S/SW blog philosophy -

I credit favorite writers and public opinion makers.

A lifelong Democrat, my comments on Congress, the judiciary and the presidency are regular features.

My observations and commentary are on people and events in politics that affect the USA or the rest of the world, and stand for the interests of peace, security and justice.

Wednesday, April 11, 2007

An epidemic?

Foundations have often led the way with activism. (see Title Link above for articles and feeds from a Bloglines "childhood obesity" search)
The Robert Wood Johnson Foundation, for example, has just pledged to spend $500,000 over the next five years to fight childhood obesity. The foundation, according to the New York Times, has worked on health issues since it first came into being in 1968:

Robert Wood Johnson, who built Johnson & Johnson into one of the world’s largest health and medical care products companies, established his foundation at his death in 1968 with 10,204,377 shares of the company’s stock. He committed it to improving the health of Americans.
The Saucony Run for the Good Foundation "Fights Childhood Obesity," according to
At a time when childhood obesity is rising at an alarming rate, children are now facing one of the most important challenges of their lives: embracing a fit lifestyle that will provide the foundation for a healthy future.
The Saucony Run For Good Foundation joined Governor Deval Patrick in tackling this issue as "Run For Good Day" in the Commonwealth of Massachusetts.
Federal action proposed - Unhealthy school lunches have long been suspected as part of the problem. The Ag Observatory has a recent article on the fact that, "USDA Seeks More Healthful School Meals." (It was originally in the WaPo). To quote,
As part of a sweeping effort to help improve nutrition for schoolchildren and fight childhood obesity, the Agriculture Department is proposing for the first time to require schools to bring their cafeteria menus into compliance with the latest U.S. dietary guidelines.
While the USDA has limited the sale of soda and some junk foods in school cafeterias, it has not required schools to implement the 2005 Dietary Guidelines, which call for increased consumption of whole grains, fruit and vegetables. Nor does it regulate vending machines, a la carte menus, or other food and beverages sold in schools outside the cafeteria, although a bill introduced by Sens. Tom Harkin (D-Iowa) and Lisa Murkowski (R-Alaska) seeks to have it do that.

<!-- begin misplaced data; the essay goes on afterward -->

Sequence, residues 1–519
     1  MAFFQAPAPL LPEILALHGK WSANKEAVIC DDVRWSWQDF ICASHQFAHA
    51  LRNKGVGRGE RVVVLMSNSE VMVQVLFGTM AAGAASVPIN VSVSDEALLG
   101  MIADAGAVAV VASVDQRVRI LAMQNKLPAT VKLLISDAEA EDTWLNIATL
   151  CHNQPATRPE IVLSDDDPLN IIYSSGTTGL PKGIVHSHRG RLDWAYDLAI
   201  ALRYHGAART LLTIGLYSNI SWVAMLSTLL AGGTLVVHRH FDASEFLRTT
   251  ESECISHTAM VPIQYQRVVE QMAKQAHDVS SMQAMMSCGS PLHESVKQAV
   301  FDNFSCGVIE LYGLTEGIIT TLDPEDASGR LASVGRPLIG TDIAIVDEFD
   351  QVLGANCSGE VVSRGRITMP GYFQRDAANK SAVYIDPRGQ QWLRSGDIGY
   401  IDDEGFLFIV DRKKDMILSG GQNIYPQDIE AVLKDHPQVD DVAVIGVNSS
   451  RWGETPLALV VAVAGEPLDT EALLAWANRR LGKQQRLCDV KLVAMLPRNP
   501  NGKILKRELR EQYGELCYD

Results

States also take a lead - The state of Florida is also trying to do something through the schools. Tampa Bay's 10 News reports on "Battling childhood obesity"
According to the American Heart Association, Florida is one of only 15 states that do not mandate physical education for elementary students. That’s why legislators want to require that elementary students get at least 2 ½ hours a week of physical education and junior high students get a minimum of 3 hours and 45 minutes a week.
The state of California is promoting leafy green vegetables. The Californian has the story, "Greens agreement details developing," from which I quote:

Getting the message out that fresh produce is safe and healthy is paramount to fighting childhood obesity and other health problems, California's secretary of food and agriculture said Tuesday in Salinas.
Hundreds of local growers and state and local agriculture industry leaders had gathered with him at the Salinas Community Center to talk publicly about new food safety rules under the Leafy Greens Marketing Agreement and how it will affect their industry.
Those of us with grown children do not envy parents trying to raise healthy children these days. The good news is that the "epidemic," as some experts call it, is being seen as a big problem. That fact now becomes a part of the eventual solution.
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My "creative post" today at Southwest Blogger is about the promise of Spring.

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